Ellie McIntyre 3/5/17 Exhibition Visit
Lidia Syroka is an artist who had work on display at the Ricco Maresca Gallery in Chelsea in an exhibition called “Body Alchemy”. Her works are mixtures of painting, sewing and collage from paper. Her work can be considered to be “outside” art. This is the concept of art that is created by an artist who produces work for themselves without prior instruction. One of her pieces that I found to be the most “Outside” is her piece Untitled, made in 2014, drawing made with stamps on paper, 49 x 23 in. The center of the image looks like an abstract print of the spine and ribs. This piece is the most “Outside” because it incorporates text in an expressive and careless but at the same time intentional way. Some of her works from far away look like common non-objective contemporary art pieces until you look closer and realize the sewn and embroidered details.
This work is similar to the works of John Patrick McKenzie because he too does works that use text as the main focus to draw the viewer in. The text isn’t neat but it dances around the page and is the center of the whole work. It is clear that process is a major focus in making the finished product in this piece and that is something I enjoyed. Although I could not experience what the creation must have been like I can imagine and draw conclusions by the way it is presented and through the information I am presented with. It is evident in the finished pieces that as she creates her work she transforms the anatomy into the human body into mechanical representations of them. They become less like people as their human characteristics are altered and facial features are removed.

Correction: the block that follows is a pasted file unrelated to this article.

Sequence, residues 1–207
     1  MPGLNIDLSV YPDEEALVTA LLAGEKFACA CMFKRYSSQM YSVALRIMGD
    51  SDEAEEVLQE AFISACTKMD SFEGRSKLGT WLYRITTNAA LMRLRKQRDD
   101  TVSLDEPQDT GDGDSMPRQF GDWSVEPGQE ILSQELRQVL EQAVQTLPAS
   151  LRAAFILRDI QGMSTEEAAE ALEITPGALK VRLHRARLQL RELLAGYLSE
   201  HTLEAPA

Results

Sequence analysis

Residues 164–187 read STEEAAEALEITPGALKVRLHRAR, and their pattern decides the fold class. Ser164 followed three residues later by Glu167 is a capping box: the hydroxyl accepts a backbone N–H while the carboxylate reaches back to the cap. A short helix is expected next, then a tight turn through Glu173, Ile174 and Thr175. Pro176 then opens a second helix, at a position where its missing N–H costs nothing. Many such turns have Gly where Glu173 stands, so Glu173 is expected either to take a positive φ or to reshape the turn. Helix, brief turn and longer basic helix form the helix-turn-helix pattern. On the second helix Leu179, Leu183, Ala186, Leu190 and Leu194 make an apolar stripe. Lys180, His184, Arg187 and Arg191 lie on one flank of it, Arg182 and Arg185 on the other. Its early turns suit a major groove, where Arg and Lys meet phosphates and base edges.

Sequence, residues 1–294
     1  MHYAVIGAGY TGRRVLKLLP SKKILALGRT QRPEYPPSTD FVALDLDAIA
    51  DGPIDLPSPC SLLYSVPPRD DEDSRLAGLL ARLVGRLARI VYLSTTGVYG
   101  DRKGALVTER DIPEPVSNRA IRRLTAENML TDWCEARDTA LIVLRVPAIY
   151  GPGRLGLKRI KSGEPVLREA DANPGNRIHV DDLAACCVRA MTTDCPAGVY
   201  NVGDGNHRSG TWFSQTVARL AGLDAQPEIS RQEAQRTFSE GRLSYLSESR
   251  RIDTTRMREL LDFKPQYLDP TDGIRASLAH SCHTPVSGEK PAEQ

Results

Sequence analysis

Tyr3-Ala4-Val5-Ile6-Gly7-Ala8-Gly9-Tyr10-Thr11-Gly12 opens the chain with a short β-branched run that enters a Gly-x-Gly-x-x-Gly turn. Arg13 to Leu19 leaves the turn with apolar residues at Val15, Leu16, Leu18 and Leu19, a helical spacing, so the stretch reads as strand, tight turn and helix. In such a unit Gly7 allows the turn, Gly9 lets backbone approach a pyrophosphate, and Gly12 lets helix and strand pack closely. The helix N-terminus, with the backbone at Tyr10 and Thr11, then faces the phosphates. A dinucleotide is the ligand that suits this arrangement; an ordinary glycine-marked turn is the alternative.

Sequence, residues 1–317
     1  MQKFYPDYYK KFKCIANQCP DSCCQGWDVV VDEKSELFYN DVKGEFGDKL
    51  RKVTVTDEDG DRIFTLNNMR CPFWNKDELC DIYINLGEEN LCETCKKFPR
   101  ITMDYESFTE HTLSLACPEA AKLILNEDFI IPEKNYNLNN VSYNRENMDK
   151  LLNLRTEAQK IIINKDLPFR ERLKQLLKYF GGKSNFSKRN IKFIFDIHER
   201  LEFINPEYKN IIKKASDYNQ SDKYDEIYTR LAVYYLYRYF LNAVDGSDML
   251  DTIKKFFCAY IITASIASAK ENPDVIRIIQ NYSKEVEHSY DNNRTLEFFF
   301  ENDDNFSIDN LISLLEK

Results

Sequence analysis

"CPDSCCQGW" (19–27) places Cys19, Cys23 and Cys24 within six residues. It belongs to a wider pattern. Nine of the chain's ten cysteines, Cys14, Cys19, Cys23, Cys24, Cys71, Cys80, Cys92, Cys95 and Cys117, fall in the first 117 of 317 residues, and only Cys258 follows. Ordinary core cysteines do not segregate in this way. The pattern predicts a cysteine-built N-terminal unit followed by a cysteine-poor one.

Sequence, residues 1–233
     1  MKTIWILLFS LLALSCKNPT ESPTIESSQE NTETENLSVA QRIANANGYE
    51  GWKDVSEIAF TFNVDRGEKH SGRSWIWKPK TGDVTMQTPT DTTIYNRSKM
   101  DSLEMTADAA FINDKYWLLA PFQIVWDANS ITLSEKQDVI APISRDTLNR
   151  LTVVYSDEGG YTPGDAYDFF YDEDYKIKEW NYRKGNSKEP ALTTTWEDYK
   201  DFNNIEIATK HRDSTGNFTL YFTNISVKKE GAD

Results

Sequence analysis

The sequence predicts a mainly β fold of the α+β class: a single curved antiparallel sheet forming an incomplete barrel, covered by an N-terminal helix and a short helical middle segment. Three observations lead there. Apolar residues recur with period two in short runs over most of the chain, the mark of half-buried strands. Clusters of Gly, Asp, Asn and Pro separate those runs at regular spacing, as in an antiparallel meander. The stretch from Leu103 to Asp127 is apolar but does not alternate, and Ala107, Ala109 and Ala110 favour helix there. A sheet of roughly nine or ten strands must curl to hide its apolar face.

Lidia Syroka: BODY ALCHEMY
January 20 – March 4, 2017
Opening reception | Annual winter party: January 20, 6:30-9:30pm
“In my sewn paper work, I concentrate on the intimate reality of paper matter. I’ve always worked with paper; inspected its ‘inner’ dimension to extract its beauty. To touch its secret, I stuck it, sewed it, tore it, and stuck it again. Yet after many years in this line of work, it felt necessary for me to return to drawing. Before beginning, I tried to become aware of what I felt inside my body and the kind of texture that best associated with it. I was looking for a technique that would enable me to express it with simple and direct graphic signs—the signs that configure my soul and the truth of my emotions—and this way instill the work with power.
In the beginning, I felt my body as a sort of metal structure. Thus, in the first series (2006) I used a pencil to obtain the metallic surface. After some exploration on this level, I started looking around and felt that bark material was close to me. Again, I looked for an appropriate technique to mirror the feeling, and this resulted in the series of 2007-2008.
Once I finished the ‘Bark’ series, it was difficult to identify myself with any exterior matter. After many searches, I understood that I was ‘in the body.’ So the basis of my ‘Red Drawings’ series (2009) alludes to the body’s texture patterns: the crossing of muscles and tendons.
The deeper I went into myself, the darker the drawings became. In the next level, I entered the darkest part of my body; it was impossible to draw with ink or pencil on the black paper surface. So I abandoned colors and drawings. It took scissors to open up my new energy transition. This started my ‘Drawings Made with Scissors’ series (2010-2011).
After this phase, it became necessary to ‘clean’ the new passages. So I started my ‘Drawings Made with Water’ (2012-2013). On previously prepared paper, I drew with a brush wet in water. Then, with my fingers, I took out the humid parts of paper. Finally, I adhered virgin Nepali paper onto the back. Hence the holes appeared as drawings.
In ‘Drawings Made with Stamps,’ I used simple marks: lines, dots, half circles, and words that communicated emotions relevant to me at the moment. I made the stamps with sponge and constructed the drawings from these elements. The medium doesn’t have importance to me, it’s just an aid to expression.
After exploring each of these levels, I looked for a new technique and discarded the previous one. Consequently, each series is unique in method and texture. The process leading from one to another conveys an interior transmutation: the alchemy of the body. I use my body as a vehicle of growth and decay. Deconstruction helps reconstruction. My work shows me the way.”